I was reading a review by Kalele et. al, and found out this very informative segment on photonic band gap materials:
"Photonic band gap materials are optical equivalents of semiconductors.
Behaviour of photons in such materials can be analogically correlated to behaviour of electrons in semiconductors. Colloidal particles can self-assemble to form a three-dimensional crystal having long-range periodicity.
Air gaps between the particles form a region of low refractive index, while the particles form a region of high refractive index. When photons are incident on these materials, they pass through regions of the high and low refractive indices. For photons, this contrast in refractive index is similar to the periodic potential that an electron experiences while passing through a semiconductor. If the contrast in refractive index is large, then the photons are either totally reflected or confined inside the dielectric material. The colloidal crystal blocks wavelengths in the photonic band gap, while allowing other wavelengths to pass through.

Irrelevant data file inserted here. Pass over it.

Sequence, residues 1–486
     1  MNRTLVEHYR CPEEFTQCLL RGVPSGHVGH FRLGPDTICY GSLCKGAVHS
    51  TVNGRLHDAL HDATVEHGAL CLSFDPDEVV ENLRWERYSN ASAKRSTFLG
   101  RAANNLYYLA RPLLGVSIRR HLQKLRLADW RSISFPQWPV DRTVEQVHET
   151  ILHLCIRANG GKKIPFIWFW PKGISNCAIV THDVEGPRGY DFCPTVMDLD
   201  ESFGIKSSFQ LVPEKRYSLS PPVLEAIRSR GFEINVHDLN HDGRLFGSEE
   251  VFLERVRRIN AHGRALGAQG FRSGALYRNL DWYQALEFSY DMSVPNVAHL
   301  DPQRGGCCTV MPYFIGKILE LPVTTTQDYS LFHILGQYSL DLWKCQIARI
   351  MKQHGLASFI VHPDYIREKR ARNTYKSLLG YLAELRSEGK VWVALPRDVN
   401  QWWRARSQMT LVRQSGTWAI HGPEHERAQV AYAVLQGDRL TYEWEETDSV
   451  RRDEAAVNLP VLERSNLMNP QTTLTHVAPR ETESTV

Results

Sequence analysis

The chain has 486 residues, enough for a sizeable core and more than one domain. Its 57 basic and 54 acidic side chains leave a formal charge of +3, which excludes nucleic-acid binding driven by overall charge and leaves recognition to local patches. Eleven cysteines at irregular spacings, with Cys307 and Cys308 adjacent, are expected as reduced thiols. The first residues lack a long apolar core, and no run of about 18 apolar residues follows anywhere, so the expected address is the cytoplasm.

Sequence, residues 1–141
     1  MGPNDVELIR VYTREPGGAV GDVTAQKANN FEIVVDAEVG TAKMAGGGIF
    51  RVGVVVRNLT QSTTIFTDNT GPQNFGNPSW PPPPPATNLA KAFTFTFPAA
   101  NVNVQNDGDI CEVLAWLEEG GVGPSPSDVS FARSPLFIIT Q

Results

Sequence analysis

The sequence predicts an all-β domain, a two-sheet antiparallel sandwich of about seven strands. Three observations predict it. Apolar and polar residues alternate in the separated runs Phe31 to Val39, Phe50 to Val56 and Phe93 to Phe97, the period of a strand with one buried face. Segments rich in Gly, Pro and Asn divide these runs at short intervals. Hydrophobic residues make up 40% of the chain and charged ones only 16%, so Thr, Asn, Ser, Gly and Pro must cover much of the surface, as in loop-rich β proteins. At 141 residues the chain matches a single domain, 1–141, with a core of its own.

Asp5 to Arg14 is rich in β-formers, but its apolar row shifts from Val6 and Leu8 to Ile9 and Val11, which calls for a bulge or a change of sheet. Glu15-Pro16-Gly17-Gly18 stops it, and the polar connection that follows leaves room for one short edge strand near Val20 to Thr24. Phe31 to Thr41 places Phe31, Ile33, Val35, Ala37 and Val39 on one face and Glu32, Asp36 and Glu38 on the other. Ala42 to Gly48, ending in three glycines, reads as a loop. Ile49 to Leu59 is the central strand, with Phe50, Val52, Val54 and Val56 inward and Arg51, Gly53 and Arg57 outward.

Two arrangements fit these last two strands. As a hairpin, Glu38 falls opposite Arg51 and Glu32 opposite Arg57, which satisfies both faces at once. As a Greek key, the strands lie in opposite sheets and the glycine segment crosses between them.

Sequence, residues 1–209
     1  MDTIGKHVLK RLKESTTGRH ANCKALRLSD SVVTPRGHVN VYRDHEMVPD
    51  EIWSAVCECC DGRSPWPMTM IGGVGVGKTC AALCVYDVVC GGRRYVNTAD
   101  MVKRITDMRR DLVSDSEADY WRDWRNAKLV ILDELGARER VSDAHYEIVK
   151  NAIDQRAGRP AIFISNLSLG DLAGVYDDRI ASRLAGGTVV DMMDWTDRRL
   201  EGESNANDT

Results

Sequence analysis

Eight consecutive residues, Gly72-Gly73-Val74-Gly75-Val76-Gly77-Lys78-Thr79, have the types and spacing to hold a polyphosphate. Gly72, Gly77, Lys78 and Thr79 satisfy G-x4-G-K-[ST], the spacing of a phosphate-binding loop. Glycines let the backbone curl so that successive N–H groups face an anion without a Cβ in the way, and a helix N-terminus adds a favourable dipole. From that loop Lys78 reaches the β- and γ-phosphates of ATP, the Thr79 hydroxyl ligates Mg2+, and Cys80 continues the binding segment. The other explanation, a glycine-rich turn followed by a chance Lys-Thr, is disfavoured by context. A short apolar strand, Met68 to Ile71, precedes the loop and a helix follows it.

The photonic band gap can be tuned by changing the size of the particles.
Similar material can be prepared using core shell particles (120). Core shell particles are better suited for this application, as relative refractive index contrast in core and shell particles is more.
Band gap can be tuned from visible to IR range by changing index contrast (121)."